Vitamin A and Brittle Bones: is there any Truth to the Media Reports?

CNN and various newspapers, including The New York Times and the Houston Chronicle, recently reported on a Swedish study (The New England Journal of Medicine, January 2003; 348: 287-294, 347-349) linking Vitamin A with an increased risk of fractures in aging men. These reports have led many people to wonder if supplements containing Vitamin A are safe, and many media outlets are advising readers against the use of any Vitamin A.

Since I often recommend cod liver oil (which does in fact contain Vitamin A) and other Vitamin A supplements, I was very puzzled by these reports and read the study in its entirety. I was surprised to see how little is known about the participants in the study. Basically all that was recorded was their level of Vitamin A in blood and the incidence of fractures over a thirty-year period. To conclude with certainty from this scant information that Vitamin A is dangerous seems quite a stretch to me.

Before we start thinking of Vitamin A as hazardous, let’s remember that it plays many important roles, including in vision, cell differentiation, early fetal development, immunity, taste, appetite and growth. Vitamin A is an important antioxidant and may have anticancer and antiviral actions. Signs of deficiency include night blindness, acne and other skin conditions, reduced immunity, chronic viral conditions, complications from measles and, conceivably from the measles vaccine.

The US RDA (recommended daily allowance) for Vitamin A is 5,000 IU (international units) a day for adults and proportionately less for children. The most important recognized risk of Vitamin A is that doses exceeding 10,000 units a day in pregnant women were associated with a higher risk of certain birth defects in one study (Lancet 1988;1:236). However, another study found such doses to be associated with a reduction of the same type of birth defects (Lancet 1996;347:899-900). In total there have been fewer than 20 cases reported worldwide of birth defects possibly caused by Vitamin A overdose.

In numerous studies, doses far greater than the RDA were found to be both safe and effective. Doses of 400,000 units a day for 5 months in adolescents with acne were found to be effective and caused no side effects (Int J Dermatol 1981;114:1776 and Br Med J 1963;2:294). The short-term administration of doses of 200,000 to 400,000 units in small children were also studied, and were found to reduce the occurrence of complications from measles and pneumonia while enhancing immunity, again with no side effects reported. Incidentally, the benefits were documented both in children who were deficient in Vitamin A as well as in children who were not (J Trop Pediatr 2002;48(2):72-7, Clin Infec Dis 1994;19(3):489-99, Am J Epidemiol 1997;146(8):646-54, and many other published studies. You may e-mail me for a full list).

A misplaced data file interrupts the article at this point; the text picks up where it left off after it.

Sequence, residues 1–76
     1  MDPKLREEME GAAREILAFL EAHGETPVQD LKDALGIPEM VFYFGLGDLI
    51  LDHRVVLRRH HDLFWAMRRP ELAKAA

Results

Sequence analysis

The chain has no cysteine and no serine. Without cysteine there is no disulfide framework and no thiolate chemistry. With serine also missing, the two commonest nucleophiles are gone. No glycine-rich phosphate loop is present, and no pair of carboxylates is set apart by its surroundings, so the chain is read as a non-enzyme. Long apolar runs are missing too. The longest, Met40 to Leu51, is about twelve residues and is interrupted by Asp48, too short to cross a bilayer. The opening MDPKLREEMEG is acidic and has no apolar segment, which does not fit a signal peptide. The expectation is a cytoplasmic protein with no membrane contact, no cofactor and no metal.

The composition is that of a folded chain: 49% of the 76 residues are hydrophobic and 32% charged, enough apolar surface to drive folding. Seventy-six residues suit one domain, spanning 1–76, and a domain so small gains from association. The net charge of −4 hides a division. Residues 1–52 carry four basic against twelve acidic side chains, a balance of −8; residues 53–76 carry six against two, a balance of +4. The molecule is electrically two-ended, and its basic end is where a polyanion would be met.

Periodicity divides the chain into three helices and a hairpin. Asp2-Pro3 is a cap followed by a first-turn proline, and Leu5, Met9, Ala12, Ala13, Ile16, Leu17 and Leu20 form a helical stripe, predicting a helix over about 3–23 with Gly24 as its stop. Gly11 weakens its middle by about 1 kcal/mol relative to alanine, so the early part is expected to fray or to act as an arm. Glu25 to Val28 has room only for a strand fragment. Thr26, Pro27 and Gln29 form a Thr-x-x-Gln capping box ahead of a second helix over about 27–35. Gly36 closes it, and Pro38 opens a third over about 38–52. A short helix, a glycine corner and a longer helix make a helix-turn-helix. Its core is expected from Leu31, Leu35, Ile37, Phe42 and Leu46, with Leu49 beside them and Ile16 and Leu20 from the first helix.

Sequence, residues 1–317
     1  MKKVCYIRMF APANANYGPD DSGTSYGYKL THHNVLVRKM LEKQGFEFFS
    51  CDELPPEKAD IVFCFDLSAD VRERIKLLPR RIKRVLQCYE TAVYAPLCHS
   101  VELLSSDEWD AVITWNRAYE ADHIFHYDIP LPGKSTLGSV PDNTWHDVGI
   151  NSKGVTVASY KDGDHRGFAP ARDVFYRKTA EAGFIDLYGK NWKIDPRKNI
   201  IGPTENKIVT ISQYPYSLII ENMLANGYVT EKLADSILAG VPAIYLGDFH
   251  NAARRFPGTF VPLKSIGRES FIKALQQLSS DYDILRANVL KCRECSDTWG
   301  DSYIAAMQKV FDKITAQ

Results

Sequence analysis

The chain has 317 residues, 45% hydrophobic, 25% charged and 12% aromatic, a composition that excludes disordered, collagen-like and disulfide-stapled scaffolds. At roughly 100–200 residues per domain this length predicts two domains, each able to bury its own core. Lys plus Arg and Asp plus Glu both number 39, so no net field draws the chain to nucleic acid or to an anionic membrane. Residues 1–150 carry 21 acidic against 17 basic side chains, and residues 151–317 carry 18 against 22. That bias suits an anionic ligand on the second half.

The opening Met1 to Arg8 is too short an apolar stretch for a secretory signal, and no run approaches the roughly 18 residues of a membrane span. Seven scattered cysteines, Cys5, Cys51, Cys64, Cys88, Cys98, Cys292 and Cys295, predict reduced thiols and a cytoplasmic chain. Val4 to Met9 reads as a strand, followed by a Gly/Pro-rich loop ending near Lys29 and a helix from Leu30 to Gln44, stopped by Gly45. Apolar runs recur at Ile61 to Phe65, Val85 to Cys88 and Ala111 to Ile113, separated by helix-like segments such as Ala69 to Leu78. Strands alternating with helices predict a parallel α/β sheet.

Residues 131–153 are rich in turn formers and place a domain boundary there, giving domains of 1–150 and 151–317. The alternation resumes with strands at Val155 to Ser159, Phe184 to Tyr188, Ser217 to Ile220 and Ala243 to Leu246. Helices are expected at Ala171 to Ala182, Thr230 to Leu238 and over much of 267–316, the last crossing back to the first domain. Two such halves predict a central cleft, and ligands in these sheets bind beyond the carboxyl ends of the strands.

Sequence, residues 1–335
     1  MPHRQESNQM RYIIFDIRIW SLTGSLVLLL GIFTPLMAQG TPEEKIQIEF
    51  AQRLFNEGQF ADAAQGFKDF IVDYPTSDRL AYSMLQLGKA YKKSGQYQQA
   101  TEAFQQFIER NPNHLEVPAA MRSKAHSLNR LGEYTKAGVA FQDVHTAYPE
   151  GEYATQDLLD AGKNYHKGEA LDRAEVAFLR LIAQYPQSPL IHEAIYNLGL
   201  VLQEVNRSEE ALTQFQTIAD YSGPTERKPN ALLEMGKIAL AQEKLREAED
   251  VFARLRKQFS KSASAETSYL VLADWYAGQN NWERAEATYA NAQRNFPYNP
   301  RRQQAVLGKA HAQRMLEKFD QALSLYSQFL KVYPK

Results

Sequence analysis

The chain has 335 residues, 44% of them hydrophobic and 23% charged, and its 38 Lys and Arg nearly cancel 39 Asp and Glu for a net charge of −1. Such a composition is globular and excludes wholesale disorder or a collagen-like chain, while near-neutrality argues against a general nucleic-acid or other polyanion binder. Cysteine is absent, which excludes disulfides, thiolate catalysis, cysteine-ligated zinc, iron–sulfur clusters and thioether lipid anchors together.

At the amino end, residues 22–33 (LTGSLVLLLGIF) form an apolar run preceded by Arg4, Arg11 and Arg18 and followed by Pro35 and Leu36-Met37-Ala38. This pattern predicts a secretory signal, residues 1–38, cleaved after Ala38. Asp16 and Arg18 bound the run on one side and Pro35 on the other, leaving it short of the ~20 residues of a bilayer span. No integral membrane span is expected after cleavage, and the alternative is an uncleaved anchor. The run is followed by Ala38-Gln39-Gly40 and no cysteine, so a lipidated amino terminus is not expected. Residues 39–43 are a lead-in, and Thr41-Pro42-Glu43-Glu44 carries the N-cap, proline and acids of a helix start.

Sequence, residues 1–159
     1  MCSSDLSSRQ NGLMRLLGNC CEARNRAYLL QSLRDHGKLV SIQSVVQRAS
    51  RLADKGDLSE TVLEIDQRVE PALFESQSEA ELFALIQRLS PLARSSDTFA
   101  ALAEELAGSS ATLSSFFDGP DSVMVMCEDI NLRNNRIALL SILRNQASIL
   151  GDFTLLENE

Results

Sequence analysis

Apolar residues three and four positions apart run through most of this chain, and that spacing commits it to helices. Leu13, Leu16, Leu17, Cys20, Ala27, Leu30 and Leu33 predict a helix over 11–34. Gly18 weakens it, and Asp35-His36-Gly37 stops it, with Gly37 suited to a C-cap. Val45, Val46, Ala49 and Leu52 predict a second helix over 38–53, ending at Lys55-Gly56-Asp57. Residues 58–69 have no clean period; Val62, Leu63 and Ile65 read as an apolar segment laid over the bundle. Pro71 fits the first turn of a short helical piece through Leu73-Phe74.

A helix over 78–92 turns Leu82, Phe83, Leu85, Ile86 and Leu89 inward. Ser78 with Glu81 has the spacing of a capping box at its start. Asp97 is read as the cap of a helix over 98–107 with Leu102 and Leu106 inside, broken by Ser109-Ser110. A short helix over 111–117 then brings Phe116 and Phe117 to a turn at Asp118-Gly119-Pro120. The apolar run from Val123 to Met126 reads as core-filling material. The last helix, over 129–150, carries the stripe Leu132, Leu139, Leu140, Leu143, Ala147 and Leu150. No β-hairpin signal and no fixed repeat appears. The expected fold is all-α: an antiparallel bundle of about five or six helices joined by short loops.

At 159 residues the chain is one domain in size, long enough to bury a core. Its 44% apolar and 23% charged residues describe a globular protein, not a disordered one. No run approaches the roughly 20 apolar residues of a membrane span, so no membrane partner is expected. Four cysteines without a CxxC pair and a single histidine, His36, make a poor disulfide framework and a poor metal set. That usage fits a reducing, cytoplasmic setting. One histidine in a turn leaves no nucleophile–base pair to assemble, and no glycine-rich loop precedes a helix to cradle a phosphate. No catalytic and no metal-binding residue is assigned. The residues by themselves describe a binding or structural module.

Interestingly, this most recent study linking Vitamin A with fractures in aging individuals was performed in Sweden, a country not known for its abundant sunshine. Since we know without a doubt that Vitamin D is associated with bone health and that much of our intake of Vitamin D comes from the sun, it is possible that Vitamin D deficiency is rampant in Sweden. This may explain why Scandinavians in general have higher rates of fractures in comparison to other Europeans.

One possible explanation of why fracture rates were higher in the study participants who had more Vitamin A in their blood is that vitamins A and D need to be balanced. Everything in nature is a matter of balance, and excessive intake of Vitamin A without enough Vitamin D may cause a relative Vitamin D deficiency, possibly leading to brittle bones.

Cod liver oil is apparently a very popular supplement in Sweden, and some experts suggested that the individuals with high levels of Vitamin A in their blood may have consumed ample doses of cod liver oil, over many decades, and this may have depleted them of Vitamin D.

Cod liver oil actually contains both vitamins A and D, but is tilted towards Vitamin A. It is plausible that consuming it without being exposed to sufficient sunshine or taking additional Vitamin D explains the results of this study. This theory may be the best we have, but is not entirely convincing since cod liver oil, in spite of its high Vitamin A to Vitamin D ratio, was used successfully in the 1800’s to treat rickets, a childhood disorder of bone development caused by Vitamin D deficiency.

In my opinion, a normal intake of Vitamin A from cod liver oil or other sources within the RDA should not be of concern, especially if properly balanced with Vitamin D through sunlight exposure or supplements. In special cases much higher doses of Vitamin A can be greatly beneficial, but these doses should be taken only under the supervision of a trained professional, and this study clearly points out some of the risks of not doing so.

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